According to the USDA, elevated winter colony losses have not resulted in enduring declines in colony numbers.  Instead, the number of U.S. honey bee colonies is either stable or growing depending on the dataset being considered.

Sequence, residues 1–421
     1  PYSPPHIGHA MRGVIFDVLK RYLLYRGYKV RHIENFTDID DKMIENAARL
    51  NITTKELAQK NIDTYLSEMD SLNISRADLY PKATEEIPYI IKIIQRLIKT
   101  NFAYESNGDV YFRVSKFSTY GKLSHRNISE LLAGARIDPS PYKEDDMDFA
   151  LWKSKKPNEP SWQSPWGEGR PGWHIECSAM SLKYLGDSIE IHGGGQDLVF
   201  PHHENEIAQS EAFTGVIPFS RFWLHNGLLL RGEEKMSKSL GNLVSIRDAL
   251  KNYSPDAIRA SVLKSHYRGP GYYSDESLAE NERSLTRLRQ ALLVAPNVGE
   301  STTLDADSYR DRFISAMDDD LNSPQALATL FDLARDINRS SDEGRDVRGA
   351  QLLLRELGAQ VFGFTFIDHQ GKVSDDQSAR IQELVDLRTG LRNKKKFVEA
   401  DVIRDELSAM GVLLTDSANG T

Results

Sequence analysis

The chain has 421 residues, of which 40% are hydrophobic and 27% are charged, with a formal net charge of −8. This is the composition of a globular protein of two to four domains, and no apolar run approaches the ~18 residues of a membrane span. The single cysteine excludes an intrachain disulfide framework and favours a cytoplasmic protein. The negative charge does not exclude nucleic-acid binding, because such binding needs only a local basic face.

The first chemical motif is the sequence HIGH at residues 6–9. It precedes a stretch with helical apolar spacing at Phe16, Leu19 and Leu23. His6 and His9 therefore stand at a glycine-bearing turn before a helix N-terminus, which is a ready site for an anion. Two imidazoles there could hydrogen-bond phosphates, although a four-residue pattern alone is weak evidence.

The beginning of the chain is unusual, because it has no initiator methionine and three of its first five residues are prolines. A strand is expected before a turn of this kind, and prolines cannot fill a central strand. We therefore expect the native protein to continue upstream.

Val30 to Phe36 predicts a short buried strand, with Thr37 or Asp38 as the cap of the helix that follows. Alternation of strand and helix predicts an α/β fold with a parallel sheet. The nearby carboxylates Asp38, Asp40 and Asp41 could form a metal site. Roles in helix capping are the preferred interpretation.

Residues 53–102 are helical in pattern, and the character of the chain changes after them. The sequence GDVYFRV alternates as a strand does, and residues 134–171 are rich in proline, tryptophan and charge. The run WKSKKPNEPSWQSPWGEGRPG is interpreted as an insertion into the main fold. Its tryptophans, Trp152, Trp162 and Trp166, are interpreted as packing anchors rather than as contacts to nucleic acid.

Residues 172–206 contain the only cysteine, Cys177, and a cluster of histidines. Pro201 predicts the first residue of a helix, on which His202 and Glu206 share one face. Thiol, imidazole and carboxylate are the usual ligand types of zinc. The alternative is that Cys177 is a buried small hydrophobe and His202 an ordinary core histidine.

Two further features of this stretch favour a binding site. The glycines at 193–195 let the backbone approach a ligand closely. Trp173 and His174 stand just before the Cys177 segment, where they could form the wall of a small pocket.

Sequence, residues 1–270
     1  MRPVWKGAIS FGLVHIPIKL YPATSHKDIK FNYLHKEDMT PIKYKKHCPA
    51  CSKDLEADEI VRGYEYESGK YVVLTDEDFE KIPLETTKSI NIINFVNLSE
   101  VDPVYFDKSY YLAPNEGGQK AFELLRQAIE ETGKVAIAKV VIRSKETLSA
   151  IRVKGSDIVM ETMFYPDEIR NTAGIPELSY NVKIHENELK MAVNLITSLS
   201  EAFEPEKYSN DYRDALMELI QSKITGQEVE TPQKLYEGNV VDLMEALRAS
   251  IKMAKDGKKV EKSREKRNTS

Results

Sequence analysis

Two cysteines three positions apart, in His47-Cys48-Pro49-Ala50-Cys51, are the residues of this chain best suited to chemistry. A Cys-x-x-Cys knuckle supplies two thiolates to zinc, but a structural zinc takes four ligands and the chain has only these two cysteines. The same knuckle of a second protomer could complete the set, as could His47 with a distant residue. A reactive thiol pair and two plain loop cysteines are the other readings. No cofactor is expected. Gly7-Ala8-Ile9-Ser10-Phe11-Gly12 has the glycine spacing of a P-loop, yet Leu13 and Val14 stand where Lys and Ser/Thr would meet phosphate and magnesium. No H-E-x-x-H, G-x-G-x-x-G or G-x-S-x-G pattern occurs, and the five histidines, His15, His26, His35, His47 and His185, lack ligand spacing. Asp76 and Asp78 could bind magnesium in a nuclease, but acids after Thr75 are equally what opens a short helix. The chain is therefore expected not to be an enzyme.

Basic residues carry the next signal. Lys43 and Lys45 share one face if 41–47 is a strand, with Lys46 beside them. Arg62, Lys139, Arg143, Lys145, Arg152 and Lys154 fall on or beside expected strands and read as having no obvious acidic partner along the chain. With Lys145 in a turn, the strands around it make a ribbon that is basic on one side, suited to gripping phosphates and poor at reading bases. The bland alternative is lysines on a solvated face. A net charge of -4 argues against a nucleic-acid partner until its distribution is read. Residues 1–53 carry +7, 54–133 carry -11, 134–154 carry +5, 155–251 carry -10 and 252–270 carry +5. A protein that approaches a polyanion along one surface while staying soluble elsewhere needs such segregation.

USDA said at the state level, loss rates are uncorrelated with year-to-year changes in the number of colonies, suggesting that beekeepers are able to replace lost colonies within the course of a calendar year.  The data shows between 2007 and 2013, winter colony loss rates in the United States averaged 30%, which is approximately double the loss rate previously thought to be normal.  That’s because large and mysterious losses of honey bee colonies led entomologists to classify a set of diagnostic symptoms as Colony Collapse Disorder and spurred major efforts to measure, quantify, and understand pollinator loss.



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